You know: yes, there must always be a separation of art and artist; that much is undeniable.

But how much separation?

I mean, sitting here in the middle of my bedroom in the middle of my town in the middle of my life, I can’t help but feel as if I’ve played some kind of bizzarre but real role in allowing this guy to do what he allegedly did, not so much by feasting on the films, but by ignoring the other stuff.

A decade and change, lobbing popcorn comets into my mouth, watching stuff that Woody Allen came up with, created, and sold to the world, most of my adult life spent listening for his precious 1920’s Tin Pan Alley opening sequence songs, and all along I have ignored the holy hell out of the tiny voices standing in the shadows of his vast empire, begging to be heard.

It makes me sad and sick, this notion that I have spent a lot of my hard-earned mind and intellect on digesting the words and ideas of a man who, it so appears, was kind of lying to us every single step of the way. For some people, I guess, that doesn’t really matter when it comes to the art, but not for me. For me, it destroys the art wholly and completely; every storyline, every character, every plot/scene/and playful clarinet, all of it now just some late-night advertisement for the darkest closets, the darkest kind of souls known to mankind.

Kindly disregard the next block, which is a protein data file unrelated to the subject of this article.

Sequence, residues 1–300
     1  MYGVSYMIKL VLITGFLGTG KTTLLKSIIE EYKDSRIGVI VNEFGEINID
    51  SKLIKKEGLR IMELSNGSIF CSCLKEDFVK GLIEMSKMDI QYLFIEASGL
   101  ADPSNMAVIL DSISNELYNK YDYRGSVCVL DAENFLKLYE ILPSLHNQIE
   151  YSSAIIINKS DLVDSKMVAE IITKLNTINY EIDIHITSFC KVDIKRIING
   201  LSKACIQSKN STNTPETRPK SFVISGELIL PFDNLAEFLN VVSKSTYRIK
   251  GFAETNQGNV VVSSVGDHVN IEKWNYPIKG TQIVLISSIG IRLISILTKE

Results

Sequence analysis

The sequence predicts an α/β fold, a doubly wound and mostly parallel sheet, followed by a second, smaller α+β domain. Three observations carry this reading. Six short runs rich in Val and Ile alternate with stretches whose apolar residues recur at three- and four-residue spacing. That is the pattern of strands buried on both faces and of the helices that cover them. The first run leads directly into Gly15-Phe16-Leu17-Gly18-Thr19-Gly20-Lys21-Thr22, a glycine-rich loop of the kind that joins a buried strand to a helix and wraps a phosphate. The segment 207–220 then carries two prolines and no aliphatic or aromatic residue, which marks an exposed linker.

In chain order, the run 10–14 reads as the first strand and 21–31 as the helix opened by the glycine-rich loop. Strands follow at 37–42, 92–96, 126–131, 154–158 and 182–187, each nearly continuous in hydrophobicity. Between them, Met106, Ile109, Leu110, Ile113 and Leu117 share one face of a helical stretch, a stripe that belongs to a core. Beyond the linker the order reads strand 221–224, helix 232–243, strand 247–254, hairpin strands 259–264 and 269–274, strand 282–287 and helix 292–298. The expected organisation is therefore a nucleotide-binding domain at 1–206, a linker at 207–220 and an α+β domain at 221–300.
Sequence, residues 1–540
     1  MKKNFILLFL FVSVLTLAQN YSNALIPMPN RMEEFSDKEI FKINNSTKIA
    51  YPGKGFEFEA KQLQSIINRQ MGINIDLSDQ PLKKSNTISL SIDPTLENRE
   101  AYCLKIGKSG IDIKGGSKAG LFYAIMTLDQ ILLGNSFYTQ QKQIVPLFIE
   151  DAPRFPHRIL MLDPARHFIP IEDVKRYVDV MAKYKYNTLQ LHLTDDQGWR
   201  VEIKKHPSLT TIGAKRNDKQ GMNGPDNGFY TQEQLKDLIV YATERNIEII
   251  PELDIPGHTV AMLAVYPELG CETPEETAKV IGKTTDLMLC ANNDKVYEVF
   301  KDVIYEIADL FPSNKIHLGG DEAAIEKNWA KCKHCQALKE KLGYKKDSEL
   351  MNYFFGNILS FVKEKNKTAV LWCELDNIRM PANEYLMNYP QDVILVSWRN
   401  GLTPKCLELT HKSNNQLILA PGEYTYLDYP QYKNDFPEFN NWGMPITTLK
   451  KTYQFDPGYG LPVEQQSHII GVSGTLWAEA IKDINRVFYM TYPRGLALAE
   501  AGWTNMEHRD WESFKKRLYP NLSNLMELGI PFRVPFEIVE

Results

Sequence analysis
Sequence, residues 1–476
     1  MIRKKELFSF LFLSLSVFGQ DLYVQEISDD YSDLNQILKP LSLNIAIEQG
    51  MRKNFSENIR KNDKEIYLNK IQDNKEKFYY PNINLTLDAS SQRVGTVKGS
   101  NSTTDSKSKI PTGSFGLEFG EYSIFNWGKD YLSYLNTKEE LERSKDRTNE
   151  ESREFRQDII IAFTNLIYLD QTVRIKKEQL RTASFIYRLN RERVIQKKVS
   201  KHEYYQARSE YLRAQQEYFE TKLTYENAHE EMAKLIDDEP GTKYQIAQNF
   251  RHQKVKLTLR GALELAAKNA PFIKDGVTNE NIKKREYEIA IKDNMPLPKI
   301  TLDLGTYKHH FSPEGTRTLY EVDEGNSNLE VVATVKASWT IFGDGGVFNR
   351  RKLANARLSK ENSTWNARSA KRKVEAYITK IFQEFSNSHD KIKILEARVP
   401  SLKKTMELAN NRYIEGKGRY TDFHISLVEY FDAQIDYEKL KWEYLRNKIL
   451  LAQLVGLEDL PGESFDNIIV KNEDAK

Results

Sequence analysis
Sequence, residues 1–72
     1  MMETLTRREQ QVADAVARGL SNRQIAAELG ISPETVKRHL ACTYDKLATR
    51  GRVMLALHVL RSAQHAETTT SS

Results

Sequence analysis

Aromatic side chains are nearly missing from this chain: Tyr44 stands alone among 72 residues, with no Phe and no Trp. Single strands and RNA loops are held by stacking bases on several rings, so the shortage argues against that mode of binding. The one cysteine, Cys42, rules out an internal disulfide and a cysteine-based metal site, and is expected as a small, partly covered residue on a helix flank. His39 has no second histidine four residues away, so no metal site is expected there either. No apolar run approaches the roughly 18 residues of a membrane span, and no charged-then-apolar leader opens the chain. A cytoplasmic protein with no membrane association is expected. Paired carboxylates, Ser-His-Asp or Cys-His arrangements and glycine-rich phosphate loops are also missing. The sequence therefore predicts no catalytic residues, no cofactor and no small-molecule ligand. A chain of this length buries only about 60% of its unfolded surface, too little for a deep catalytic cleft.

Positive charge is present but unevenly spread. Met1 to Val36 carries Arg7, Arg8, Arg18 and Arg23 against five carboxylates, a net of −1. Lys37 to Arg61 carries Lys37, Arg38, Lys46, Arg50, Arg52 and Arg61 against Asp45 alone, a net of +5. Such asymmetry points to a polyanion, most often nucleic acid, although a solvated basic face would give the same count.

Woody must know it now.

I mean, you can only run from these things for so long.

You can only pretend that you’re someone other than who you really, truly are for so long before the jig is up. You live long enough, like he has, and you hurt and destroy viciously enough, like a young lady, with little reason to lie as far as I can tell, says that he did, and eventually every street smart pigeon from the Brooklyn to London to Beijing is gonna start looking at you cross-eyed, with a certain sort of wince in their eye.

Woody Allen, cinematic legend, will stand alone this week, looking down at the world below him, a man who knows Hollywood endings as good as the next guy. And, quite possibly, if yesterday’s news holds any truth at all, an outlaw whose years and years of running from his dark shadow has probably come to an end.

If that’s the case, then all that’s left now isn’t some idiotic pointless lifetime achievement award or some smoke-blowing up the butt of a catalog of greatness.

All that’s left now are the badly broken hearts.

All that’s left now is the bitter acrid whiff of a legacy burning like hell.


Image: The Rumpus

Info: The New York Times